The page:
According to Müller, himself representative of the conservative CSU (Christian-Democratic Union, the CDU’s sister party) and development minister in Merkel’s cabinet, it is agreed that the ministry’s budget should grow at the same rate as that of the defence ministry. It is furthermore quite possible indeed that Müller will get to keep his job and therefore be able to distribute the same money himself.
In a press interview at the party headquarters, The CSU politician labelled the negotiations ambititous, and pointed to the fact that more than 120 dossiers were discussed, ranging from topics such as Afghanistan to migration and the refugee crisis. The chancellor herself pointed out that a lot of controvesial issues had been addressed, but that nothing had been decided yet.
Labour law and health care remain controversial issues
The centre-left SPD continues to push for agreements that align with what was previously decided at its own party conference: a reduction of fixed-term employment contracts and an end to the two-tier healthcare system. CDU and CSU oppose any such changes to the system. While draft versions for potential compromises – and even for a coalition treaty – already exist, nothing is confirmed from either side. Politicians from both sides do however affirm that a succesful end is almost in sight. SPD leader Martin Schulz called this looming day zero the “decision day”, whereas CSU politician Alexander Dobrindt referred to it as “the hour of truth”. In what might seem as a calculated political move, both parties aim to wrap up negotiations just before the beginning of carnival season on Thursday. Accordingly, the final round of negoatations is to convene on Wednesday, with the 15 key figures of all parties meeting for a long, final round of talks.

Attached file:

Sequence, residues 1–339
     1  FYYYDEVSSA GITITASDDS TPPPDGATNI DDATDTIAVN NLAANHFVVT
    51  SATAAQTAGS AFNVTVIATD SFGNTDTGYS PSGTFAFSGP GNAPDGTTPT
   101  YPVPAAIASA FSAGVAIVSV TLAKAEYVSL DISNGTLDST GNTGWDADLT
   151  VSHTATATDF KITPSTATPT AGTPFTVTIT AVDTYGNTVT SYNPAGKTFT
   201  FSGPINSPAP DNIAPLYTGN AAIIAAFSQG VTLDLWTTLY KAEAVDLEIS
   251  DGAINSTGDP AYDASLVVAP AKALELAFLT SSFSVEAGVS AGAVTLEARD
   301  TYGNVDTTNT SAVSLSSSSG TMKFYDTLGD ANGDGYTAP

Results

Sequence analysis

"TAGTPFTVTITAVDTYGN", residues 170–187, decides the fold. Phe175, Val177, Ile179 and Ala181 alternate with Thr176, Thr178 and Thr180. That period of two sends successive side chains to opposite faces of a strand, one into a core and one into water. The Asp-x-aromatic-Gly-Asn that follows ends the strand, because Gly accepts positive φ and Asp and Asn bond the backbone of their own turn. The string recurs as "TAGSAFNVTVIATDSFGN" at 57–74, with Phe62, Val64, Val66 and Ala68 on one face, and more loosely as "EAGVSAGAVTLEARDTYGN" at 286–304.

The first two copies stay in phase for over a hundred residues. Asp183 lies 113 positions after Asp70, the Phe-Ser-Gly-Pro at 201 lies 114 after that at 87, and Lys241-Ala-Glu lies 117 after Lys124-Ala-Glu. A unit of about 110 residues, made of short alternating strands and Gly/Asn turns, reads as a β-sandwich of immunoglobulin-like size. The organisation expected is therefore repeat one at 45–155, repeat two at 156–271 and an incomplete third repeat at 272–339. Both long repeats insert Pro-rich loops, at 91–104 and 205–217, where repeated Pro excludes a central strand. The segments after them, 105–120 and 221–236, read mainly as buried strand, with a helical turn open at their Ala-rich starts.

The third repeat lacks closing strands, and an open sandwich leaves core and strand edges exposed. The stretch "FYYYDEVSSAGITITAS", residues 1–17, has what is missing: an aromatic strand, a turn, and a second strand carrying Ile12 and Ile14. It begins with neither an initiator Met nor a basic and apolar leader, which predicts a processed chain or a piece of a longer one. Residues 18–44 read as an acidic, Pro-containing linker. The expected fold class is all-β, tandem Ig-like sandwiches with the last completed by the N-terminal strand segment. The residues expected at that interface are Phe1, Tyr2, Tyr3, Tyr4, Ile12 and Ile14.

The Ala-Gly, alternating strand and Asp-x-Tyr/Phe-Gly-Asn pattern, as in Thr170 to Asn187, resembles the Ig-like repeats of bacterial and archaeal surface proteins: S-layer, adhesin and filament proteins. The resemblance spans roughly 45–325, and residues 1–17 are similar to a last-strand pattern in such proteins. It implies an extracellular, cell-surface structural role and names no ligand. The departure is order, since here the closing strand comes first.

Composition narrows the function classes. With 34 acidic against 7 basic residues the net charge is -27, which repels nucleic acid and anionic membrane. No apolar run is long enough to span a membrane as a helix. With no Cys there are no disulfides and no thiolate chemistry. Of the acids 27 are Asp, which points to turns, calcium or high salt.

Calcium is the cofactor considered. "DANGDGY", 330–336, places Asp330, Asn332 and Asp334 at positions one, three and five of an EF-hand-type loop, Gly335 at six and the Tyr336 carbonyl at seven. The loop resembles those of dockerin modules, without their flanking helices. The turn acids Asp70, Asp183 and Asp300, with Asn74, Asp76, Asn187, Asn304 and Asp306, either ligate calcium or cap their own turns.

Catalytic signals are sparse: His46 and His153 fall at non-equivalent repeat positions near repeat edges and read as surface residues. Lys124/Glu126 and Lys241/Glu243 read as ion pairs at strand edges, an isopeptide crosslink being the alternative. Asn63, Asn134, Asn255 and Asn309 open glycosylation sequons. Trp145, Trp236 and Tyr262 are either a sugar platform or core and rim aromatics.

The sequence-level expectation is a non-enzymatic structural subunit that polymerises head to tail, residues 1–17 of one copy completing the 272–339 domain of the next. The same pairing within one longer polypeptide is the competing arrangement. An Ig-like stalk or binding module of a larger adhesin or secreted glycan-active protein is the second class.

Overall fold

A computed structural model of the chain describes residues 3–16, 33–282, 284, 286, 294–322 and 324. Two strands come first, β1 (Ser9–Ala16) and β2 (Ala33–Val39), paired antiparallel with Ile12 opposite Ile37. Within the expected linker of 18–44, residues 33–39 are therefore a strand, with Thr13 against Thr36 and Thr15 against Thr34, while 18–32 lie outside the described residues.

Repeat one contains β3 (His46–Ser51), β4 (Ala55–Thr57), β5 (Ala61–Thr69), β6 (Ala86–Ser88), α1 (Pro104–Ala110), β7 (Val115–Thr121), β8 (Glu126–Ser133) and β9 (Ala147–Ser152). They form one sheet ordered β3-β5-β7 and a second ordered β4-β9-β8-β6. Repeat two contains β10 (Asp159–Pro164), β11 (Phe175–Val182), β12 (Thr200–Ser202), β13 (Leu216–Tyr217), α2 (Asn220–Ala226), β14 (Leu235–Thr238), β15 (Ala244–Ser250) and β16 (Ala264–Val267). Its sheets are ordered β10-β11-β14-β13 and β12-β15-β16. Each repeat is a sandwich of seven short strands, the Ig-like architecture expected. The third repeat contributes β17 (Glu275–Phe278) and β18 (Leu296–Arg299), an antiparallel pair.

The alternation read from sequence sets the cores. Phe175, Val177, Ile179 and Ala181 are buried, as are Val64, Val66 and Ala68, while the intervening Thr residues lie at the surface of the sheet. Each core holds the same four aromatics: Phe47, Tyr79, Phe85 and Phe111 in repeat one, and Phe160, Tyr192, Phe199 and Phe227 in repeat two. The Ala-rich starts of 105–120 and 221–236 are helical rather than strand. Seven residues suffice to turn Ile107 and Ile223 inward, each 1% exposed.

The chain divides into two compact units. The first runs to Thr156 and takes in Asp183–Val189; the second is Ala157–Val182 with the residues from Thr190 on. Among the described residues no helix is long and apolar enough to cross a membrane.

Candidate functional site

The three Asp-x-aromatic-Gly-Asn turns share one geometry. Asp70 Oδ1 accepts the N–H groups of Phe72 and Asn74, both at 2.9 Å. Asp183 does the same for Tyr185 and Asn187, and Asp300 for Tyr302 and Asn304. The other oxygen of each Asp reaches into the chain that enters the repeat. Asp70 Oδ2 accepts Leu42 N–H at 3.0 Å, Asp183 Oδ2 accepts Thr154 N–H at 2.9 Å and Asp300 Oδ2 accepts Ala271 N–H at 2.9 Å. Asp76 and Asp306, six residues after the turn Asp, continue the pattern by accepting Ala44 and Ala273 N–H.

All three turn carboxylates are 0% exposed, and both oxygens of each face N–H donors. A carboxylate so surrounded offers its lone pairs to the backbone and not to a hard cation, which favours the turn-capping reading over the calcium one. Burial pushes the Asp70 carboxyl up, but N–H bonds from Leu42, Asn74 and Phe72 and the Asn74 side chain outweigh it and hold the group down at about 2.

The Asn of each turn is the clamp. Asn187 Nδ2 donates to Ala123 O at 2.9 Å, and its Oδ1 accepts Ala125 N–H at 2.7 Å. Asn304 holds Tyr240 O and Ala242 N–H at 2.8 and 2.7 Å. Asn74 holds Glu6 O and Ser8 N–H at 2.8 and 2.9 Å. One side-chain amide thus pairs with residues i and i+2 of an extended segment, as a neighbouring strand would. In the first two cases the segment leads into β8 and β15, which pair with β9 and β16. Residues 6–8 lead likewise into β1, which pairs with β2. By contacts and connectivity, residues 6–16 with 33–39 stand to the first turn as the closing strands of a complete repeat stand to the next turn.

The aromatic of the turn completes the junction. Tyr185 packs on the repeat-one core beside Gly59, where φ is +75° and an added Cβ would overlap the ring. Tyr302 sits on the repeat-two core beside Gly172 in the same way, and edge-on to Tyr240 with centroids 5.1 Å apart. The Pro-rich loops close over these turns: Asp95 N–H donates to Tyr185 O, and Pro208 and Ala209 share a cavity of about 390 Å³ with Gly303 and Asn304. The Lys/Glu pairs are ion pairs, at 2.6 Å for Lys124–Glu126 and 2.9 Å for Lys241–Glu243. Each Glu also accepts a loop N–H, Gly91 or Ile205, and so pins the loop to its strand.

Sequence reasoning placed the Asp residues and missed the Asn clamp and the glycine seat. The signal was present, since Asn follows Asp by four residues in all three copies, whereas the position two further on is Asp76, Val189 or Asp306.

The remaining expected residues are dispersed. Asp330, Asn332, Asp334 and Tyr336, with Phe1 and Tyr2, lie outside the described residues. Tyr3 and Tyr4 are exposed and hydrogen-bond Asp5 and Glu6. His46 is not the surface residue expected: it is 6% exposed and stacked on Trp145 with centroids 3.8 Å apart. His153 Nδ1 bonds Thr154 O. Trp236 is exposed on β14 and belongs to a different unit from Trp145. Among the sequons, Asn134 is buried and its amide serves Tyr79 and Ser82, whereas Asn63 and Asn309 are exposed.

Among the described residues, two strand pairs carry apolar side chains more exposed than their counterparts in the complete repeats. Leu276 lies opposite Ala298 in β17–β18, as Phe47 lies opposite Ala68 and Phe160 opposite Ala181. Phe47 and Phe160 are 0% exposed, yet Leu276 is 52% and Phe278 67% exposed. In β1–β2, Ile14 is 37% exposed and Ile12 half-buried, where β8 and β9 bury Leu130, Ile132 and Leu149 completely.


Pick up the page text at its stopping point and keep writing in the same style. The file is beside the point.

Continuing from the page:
Has #Nogroko passed its zenith?
The agreement of the three parties, however, will not be the last hurdle to take in order for the new edition of the grand coalition. Since the Social Democrats decided to give their members the final say over their party’s participation in the coalition, 450,000 SPD members will vote on the agreement put in front of them. SPD’s Environment minister Hendricks however, deems it unlikely that a majority of members should oppose the agreement. According to her, the #NoGroko campaign, a campaign against a new edition of the grand coalition (“Groko”) spearheaded by the party’s youth faction leader Kevin Kühnert, has already passed its zenith. In reality, it is unclear how the vote will turn out. At any rate, it can certainly be assumed that the risk of the coalition agreement being turned down by its own members has been applied as a bargaining chip by SPD leaders. This message seems to have also reached Chancellor Merkel, who speaks of “painful compromises” which will have to be made and which she is ready for.